Driverless cars could be vulnerable to being hacked en masse, according to an expert.

Autonomous vehicles could be a target for hackers, says Matthew Channon, an expert on driverless cars from Exeter University, because of the connectivity they rely on for updates and to read road and weather conditions.

[Read more: Fully driverless cars will be here by 2030 - engineer]

He has warned MPs about the potential threat as part of his written evidence to Parliament as it considers the Automated and Electric Vehicles Bill.

Finger ready to press start button on autonomous drive vehicle (Olivier Le Moal/Getty Images)
(Olivier Le Moal/Getty Images)

“A major issue that has not been introduced in the Bill is in relation to mass risk,” he wrote in his letter.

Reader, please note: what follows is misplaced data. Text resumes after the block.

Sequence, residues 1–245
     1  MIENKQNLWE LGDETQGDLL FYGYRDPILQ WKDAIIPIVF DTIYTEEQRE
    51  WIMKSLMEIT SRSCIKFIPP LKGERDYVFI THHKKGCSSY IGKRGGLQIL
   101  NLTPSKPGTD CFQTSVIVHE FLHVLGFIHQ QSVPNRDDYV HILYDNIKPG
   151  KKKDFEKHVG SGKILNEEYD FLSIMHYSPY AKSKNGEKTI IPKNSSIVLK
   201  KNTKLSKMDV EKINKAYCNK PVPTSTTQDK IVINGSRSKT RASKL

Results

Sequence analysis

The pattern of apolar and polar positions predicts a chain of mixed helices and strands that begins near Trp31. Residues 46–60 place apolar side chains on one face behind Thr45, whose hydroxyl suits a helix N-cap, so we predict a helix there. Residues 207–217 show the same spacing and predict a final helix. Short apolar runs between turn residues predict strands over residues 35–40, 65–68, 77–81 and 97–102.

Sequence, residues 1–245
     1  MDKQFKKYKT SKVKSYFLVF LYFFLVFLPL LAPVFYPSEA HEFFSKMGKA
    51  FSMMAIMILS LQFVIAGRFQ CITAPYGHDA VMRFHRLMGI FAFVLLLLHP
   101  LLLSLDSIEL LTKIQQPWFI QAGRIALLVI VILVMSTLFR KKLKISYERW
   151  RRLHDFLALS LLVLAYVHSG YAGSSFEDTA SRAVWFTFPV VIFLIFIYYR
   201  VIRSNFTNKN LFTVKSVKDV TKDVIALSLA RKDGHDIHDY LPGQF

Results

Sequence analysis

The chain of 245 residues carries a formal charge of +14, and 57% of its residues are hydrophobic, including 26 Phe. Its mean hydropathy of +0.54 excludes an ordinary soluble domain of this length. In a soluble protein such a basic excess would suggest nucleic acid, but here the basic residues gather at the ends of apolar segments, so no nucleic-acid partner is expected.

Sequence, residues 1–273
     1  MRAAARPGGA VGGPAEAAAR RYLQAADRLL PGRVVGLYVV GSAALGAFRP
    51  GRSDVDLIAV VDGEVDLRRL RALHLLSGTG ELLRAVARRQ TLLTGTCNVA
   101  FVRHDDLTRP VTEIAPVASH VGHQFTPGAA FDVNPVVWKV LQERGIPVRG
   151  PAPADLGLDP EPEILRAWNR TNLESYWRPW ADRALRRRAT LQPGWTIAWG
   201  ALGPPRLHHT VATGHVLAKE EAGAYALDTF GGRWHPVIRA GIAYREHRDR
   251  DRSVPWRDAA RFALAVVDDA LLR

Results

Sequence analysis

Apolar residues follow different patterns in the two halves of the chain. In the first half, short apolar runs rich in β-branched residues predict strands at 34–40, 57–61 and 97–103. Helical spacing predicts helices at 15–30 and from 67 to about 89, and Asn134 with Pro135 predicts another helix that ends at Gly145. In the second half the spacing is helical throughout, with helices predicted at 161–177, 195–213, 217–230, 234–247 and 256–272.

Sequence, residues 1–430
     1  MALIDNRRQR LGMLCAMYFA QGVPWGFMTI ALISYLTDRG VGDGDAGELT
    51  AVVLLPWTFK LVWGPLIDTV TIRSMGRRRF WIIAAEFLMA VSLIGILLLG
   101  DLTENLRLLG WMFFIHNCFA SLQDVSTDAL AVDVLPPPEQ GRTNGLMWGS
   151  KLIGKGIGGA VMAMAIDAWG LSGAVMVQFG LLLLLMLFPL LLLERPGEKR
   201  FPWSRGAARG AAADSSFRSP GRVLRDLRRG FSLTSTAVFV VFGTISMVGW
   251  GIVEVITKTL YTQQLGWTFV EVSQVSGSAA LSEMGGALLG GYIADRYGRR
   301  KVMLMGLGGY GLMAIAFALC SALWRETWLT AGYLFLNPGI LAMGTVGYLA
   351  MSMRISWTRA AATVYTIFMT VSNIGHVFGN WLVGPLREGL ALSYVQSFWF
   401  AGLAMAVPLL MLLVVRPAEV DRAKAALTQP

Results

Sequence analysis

“Particularly if more than one vehicle is hacked at the same time and damage is caused, there is a real risk of this happening and this is a real target due to the connected nature of these vehicles.”

Fully autonomous cars could be on Britain’s roads by 2021, Transport Secretary Chris Grayling said last week.

Chris Grayling at ABI
Transport Secretary Chris Grayling in a semi-autonomous Tesla S (Philip Toscano/PA)

 

It is thought that such vehicles will reduce the number of accidents and make roads safer by removing human error.

In the US, Google’s self-driving car company Waymo has removed the backup driver from its autonomous vehicles.

Waymo Self-Driving Vans
Waymo is testing autonomous vehicles on public roads – but no longer has a human driver poised to take over (Paul Sancya/AP)

Previous test drives had a human driver at the steering wheel to take over if necessary. From October, Waymo began testing on public roads with an employee in the back seat.

It is using a Chrysler Pacifica minivan in its testing.

[Read more: Cambridge will be trialling driverless pods]